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Listing that Attracts Tenants
As a landlord, you can have the perfect property in the best location with the most sought after amenities, but if you fail to write a listing that attracts the right tenants, you’re leaving profit on the table. Attracting the right tenant can genuinely make or break your investment property.
With a compelling rental listing, you’re enticing them with an introduction to their ideal new home and lifestyle. Your listing can sell them on your property, and, in turn, a prospective renter will be motivated to pay the rent you demand, happily signing on as your new tenant.
So, how to create a rental listing that attracts tenants? By following these simple do’s and don’ts, you’ll find your property practically leases itself.   

Attention-Grabbing Headline:

Create a headline that packs a punch by listing one or two specific features that your ideal tenant is seeking. Some amenities to include in the headline are the number of bedrooms and bathrooms, type of housing, the neighborhood or town, best physical features such as large windows or 9’ ceilings, and more.


Do:
$2500/2BR Open Concept Apartment near Wrigley Field. Washer/Dryer in Unit.
Don’t:
$2500/2BR Large Unit in Great Location.

High-Quality Photos:

Spend the time taking, or hiring a professional to take, high-quality photos of your property. While it may seem unnecessary, it’s a crucial part of creating a sought after listing. Allow prospective tenants to get excited about your property; let them visualize their new life there, and when you do, they’ll be happy to pay the rent it deserves.
When browsing prospective rentals, tenants spend approximately 60% of their time viewing pictures. That’s why high-quality images are so vital. It’s important to include photographs of every room, including common spaces and outdoor spaces. While these two are often overlooked, they can be massive selling points. Often, people forget to include the outside of their building or home on the listing, but this is crucial.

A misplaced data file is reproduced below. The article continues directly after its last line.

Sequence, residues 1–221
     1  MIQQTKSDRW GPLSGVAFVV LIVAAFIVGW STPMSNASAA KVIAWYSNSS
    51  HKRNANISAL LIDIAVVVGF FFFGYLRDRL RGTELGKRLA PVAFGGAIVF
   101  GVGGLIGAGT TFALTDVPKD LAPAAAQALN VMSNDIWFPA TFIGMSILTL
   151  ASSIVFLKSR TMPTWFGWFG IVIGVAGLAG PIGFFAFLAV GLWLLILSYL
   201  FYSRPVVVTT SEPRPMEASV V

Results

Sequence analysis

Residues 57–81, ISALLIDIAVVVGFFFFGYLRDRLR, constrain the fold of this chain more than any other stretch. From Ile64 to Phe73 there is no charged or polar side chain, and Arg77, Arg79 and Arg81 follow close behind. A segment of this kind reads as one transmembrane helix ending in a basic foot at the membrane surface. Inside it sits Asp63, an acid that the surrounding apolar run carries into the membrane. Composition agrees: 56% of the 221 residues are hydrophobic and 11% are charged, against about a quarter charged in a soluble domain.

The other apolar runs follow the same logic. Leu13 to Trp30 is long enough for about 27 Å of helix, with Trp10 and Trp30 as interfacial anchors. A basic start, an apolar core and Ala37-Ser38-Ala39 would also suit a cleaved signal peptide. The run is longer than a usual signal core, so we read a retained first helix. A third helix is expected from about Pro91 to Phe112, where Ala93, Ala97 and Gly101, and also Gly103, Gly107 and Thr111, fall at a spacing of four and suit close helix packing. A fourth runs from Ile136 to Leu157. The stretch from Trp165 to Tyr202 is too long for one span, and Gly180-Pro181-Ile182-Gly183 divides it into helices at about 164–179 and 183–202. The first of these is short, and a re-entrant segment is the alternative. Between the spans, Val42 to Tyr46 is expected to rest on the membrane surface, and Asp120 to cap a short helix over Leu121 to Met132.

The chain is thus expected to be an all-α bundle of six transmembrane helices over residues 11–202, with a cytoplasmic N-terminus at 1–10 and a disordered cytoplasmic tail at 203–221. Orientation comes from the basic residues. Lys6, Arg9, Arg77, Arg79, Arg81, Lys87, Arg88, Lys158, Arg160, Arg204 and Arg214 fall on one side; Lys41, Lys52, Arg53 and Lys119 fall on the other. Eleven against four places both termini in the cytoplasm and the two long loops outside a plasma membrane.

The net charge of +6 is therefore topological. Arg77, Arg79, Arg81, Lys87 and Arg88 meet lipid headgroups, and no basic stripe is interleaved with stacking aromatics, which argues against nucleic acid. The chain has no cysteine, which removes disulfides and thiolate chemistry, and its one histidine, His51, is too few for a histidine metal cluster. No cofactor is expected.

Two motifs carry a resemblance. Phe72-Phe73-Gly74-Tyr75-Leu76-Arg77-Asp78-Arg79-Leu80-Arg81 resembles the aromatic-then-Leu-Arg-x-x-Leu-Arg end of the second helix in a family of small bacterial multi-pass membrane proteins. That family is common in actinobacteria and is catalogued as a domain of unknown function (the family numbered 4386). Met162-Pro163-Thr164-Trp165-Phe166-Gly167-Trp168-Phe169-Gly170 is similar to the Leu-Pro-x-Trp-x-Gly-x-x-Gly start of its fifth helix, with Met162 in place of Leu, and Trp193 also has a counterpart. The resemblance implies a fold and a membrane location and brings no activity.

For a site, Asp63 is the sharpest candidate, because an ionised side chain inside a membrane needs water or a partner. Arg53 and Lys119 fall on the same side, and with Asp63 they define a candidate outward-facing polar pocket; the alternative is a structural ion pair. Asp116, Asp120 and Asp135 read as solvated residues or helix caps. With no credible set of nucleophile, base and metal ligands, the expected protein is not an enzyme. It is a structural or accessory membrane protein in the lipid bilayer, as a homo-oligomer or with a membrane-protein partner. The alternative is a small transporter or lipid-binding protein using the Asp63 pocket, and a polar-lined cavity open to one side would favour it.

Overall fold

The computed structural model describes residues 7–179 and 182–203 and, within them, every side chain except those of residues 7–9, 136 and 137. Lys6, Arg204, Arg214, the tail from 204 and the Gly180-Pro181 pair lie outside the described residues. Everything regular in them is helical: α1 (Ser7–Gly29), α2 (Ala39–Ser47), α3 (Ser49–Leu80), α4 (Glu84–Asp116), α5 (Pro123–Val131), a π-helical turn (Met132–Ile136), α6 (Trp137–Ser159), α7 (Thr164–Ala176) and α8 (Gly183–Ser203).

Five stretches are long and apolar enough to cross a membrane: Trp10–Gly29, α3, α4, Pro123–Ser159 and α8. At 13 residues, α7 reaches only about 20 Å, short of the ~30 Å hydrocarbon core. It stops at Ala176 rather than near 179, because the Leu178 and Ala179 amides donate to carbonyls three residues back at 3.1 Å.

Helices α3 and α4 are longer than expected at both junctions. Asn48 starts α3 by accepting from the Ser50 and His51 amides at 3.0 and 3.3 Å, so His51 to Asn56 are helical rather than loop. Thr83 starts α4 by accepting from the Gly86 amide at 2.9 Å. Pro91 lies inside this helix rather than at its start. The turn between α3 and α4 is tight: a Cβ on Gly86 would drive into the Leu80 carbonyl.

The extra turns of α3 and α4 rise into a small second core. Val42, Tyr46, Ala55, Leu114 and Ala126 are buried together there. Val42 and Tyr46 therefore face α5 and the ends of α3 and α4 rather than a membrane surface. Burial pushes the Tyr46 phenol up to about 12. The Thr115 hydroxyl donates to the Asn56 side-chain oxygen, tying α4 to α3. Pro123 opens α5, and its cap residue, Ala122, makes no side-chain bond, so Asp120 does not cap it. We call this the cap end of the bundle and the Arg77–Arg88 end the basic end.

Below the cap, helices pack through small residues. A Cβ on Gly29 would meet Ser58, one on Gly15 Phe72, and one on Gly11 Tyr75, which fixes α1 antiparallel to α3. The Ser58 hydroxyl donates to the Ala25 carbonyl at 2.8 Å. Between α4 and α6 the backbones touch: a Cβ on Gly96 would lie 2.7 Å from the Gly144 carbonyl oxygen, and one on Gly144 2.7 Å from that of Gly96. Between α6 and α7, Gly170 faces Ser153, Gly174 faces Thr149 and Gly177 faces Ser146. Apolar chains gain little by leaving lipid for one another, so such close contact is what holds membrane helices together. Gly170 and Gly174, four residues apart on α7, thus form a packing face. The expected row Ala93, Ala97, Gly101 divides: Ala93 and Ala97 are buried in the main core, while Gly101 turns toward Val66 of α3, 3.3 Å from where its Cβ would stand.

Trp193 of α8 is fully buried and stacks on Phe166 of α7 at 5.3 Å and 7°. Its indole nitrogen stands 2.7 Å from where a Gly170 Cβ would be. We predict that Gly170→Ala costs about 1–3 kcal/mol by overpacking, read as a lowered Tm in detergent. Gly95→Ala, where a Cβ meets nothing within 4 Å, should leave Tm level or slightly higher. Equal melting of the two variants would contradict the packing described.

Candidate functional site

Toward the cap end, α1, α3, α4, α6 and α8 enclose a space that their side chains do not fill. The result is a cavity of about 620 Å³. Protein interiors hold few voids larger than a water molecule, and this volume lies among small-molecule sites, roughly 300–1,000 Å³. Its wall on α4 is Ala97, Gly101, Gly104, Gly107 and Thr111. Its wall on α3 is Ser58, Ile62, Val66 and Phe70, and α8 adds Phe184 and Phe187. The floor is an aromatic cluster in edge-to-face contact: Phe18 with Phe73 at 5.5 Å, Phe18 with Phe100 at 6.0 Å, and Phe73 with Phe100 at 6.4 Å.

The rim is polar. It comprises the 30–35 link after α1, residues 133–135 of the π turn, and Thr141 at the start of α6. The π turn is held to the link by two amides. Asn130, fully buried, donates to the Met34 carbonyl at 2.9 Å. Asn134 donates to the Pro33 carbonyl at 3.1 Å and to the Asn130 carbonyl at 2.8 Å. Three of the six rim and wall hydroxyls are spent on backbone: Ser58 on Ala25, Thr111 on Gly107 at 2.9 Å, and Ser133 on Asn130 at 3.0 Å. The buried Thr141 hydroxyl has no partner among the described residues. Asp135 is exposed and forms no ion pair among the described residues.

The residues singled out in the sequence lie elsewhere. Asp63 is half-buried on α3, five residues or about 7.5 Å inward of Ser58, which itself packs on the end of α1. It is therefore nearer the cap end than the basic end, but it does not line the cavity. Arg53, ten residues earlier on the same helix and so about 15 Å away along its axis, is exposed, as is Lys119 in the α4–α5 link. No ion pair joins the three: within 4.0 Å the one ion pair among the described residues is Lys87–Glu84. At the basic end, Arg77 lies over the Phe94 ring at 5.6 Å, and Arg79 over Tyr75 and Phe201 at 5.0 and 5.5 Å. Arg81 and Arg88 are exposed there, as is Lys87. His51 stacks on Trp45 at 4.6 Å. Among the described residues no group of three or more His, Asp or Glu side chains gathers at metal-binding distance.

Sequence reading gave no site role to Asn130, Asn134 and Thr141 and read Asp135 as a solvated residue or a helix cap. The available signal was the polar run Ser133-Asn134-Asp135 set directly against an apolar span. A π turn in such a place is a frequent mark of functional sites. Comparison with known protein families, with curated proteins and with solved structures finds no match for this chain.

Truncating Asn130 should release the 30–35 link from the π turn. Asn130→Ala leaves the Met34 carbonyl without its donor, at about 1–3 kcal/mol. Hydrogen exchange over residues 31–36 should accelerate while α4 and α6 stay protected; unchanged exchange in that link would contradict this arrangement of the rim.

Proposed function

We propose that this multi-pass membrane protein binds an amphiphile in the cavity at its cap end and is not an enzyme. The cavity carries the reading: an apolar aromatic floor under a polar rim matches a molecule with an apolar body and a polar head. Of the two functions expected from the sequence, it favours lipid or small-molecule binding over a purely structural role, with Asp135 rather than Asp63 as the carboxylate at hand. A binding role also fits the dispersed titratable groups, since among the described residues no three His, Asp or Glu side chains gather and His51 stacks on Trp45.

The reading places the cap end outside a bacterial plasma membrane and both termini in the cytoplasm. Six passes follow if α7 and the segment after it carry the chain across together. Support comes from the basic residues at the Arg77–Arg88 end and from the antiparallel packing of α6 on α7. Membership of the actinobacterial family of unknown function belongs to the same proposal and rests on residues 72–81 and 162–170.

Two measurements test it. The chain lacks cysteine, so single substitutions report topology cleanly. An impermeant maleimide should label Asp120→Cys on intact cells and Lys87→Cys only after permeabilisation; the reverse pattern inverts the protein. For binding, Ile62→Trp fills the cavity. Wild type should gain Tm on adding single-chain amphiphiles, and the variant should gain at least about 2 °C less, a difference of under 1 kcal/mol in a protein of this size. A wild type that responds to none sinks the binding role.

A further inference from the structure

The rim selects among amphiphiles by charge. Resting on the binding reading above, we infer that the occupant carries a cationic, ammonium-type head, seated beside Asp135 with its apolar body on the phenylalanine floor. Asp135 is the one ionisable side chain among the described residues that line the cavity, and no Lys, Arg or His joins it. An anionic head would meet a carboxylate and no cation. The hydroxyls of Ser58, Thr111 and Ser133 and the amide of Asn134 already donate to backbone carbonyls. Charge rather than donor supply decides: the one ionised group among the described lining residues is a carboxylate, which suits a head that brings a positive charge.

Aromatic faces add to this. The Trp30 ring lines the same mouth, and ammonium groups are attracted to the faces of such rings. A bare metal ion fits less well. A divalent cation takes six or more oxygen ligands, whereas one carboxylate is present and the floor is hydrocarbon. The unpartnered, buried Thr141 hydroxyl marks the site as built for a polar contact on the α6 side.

Do:
Take photos during the day with natural sunlight and table lamps on.
Edit for quality.
Stand at the widest point of the room (the corner), including two walls, a bit of ceiling and floor. 
Don’t:
Overuse overhead lighting or close the curtains.
Edit or alter your images to be misleading.
Appear in the photos in reflections.
Take pictures of a dirty or cluttered unit.

Financial Details:

Many listings include the rent amount in the headline, but this isn’t mandatory. Some landlords are flexible on the rate or prefer not to lead with the price. If you choose not to include it in the headline, be sure you specify in the listing the rent or the rent range, if you’re open, as well as the security deposit required. You can either specify this with an amount or write 1.5 months’ rent, for example. Remember, there are laws surrounding security deposits that you must follow. Check your local laws here.

Other Considerations:

When listing your property, it’s important to keep in mind your ideal tenant. Write the listing that that type of person wants to read. Convey how their ideal lifestyle is within reach, if only they rent your property.
Another reminder –– always phrase things positively. Prospective tenants are looking for the property that will give them the most of their “must-haves”, and, hopefully, a few extras. Sell them on all of the amenities your property has to offer, and leave off what isn’t included –– people don’t want to hear what they’re not getting.
As always, be sure you’re following local and state laws, fairly representing your property, and never discriminating against prospective tenants. Remember, just because you have an ideal tenant in mind does not mean it’s okay to discriminate or craft a listing that states who you want to live there. This is illegal.
Do:
Chef’s kitchen with SS appliances.
Top-rated school district.

Don’t:
No central air conditioning.
Laundry not included.
No children allowed.

By following these simple tricks, you’ll create a listing that attracts tenants that you want to lease your property to –– and who are willing to pay the rent that your property deserves.
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